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    Southeast Asia
     Oct 30, 2012


US's lost moral compass in Myanmar
By Tim Heinemann

Americans have fought at home and on many a distant shore with resolve in truths that they hold to be self-evident, "that all men are created equal". Under the Barack Obama administration, America appears to have abandoned this principle through its recent engagement policy with until recently military-run Myanmar.

To be sure, Myanmar matters. The country has emerged as China's main gateway to the Indian Ocean, with massive natural resource wealth at home and important international markets beyond. Myanmar has thus emerged as a key state in the US's "pivot" policy towards Asia.

The flaws in the US approach are threefold, including: (1) failing to understand the unambiguous, enduring power of ethnic

 

populations; (2) failing to engage them fully as equal stakeholders in the country's future; and (3) forgetting that many have been faithful American allies going all the way back to World War II.

US national elections and uprisings in the Middle East have masked the dangerous precedents the Obama administration is quietly establishing for arguably Southeast Asia's most strategically important nation.

Most Americans have little idea what is really happening in Myanmar, nor grasp the implications of Obama's and Secretary of State Hillary Clinton's moves and initiatives, including the relaxation of economic sanctions.

This is because American policymakers have not had an open debate with full disclosure on how to best engage Myanmar. As a result, the US is now arguably making some of the same mistakes made in Iraq and Afghanistan. These have come at an incredible cost in lives lost and others tragically altered, in a staggering national debt and in a loss of US credibility after decades of high stature around the world.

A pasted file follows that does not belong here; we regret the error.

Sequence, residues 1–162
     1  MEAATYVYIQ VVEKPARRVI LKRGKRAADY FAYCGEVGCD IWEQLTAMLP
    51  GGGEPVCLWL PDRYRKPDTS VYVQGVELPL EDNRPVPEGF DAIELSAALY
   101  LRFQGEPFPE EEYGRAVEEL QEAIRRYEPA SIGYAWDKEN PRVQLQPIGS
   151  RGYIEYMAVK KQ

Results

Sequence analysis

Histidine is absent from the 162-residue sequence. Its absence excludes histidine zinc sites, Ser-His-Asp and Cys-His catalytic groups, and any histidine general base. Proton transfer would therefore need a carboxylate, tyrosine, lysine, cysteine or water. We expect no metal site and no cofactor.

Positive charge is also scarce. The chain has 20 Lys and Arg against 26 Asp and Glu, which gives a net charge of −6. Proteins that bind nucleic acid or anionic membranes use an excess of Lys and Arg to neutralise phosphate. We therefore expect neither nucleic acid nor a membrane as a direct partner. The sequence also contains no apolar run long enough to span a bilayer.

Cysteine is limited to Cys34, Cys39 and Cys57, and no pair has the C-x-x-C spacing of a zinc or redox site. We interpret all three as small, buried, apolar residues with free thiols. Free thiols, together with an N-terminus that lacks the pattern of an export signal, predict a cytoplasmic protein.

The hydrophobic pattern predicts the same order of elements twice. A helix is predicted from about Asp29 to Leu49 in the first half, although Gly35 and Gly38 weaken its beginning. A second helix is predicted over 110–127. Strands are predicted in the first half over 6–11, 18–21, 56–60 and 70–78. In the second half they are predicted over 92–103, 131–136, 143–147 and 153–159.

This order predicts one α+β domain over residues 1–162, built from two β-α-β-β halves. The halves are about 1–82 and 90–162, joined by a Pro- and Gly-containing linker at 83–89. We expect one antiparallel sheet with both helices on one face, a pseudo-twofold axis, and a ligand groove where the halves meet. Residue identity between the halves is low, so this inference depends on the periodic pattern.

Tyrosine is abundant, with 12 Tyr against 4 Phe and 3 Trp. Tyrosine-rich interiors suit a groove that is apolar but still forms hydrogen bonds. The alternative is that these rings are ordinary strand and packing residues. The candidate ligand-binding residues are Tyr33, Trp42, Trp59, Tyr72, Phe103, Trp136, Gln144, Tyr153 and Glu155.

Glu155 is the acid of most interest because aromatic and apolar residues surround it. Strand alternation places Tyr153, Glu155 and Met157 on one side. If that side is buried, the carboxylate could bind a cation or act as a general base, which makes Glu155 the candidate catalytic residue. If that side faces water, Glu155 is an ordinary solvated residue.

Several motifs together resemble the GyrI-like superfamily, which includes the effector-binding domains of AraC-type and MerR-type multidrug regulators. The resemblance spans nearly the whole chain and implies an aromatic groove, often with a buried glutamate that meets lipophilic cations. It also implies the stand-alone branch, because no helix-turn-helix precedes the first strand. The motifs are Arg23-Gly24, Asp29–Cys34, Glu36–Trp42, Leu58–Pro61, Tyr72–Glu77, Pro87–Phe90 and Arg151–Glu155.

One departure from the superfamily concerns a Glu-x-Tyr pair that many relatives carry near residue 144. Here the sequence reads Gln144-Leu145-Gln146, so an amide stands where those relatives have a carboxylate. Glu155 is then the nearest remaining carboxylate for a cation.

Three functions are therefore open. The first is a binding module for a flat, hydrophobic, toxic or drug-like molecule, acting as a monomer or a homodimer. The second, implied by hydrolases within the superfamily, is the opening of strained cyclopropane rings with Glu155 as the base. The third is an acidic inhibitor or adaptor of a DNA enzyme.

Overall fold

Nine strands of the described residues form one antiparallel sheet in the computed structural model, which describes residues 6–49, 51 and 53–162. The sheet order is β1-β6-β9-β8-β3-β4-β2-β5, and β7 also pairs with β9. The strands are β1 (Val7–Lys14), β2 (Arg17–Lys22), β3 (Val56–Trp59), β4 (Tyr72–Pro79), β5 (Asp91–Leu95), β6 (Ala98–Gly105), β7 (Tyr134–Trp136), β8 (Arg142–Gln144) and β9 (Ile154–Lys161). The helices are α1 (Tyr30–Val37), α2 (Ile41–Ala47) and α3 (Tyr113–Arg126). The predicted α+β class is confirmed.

The Obama administration has decided, in the face of valid protest, to embrace Myanmar's reformist government led by President Thein Sein, who served as prime minister under the previous abusive military junta. The US has effectively shifted course and given favor to a strong central government and army dominated by urban ethnic Burmans.

The US has a history of latching onto high-profile personalities and then pushing for the establishment of strong central governments and national armies around those personages. The US pushed this centralized approach to nation-building in both Iraq and Afghanistan. In doing so, it has generally failed to understand the very core nature of these multi-ethnic societies, where power has historically been diffuse and decentralized.

Ethnic minorities total up to half of Myanmar's populace, comprise seven of its 14 states with ancestral lands that dominate most of the country's borders and international trade routes, and occupy lands that account for the majority of the country's natural resources.

In spite of this, ethnics have to date been sidelined and largely left out of the US's engagement initiatives. The major pan-ethnic alliance representing 11 of the major armed ethnic groups has been virtually ignored by the Obama administration.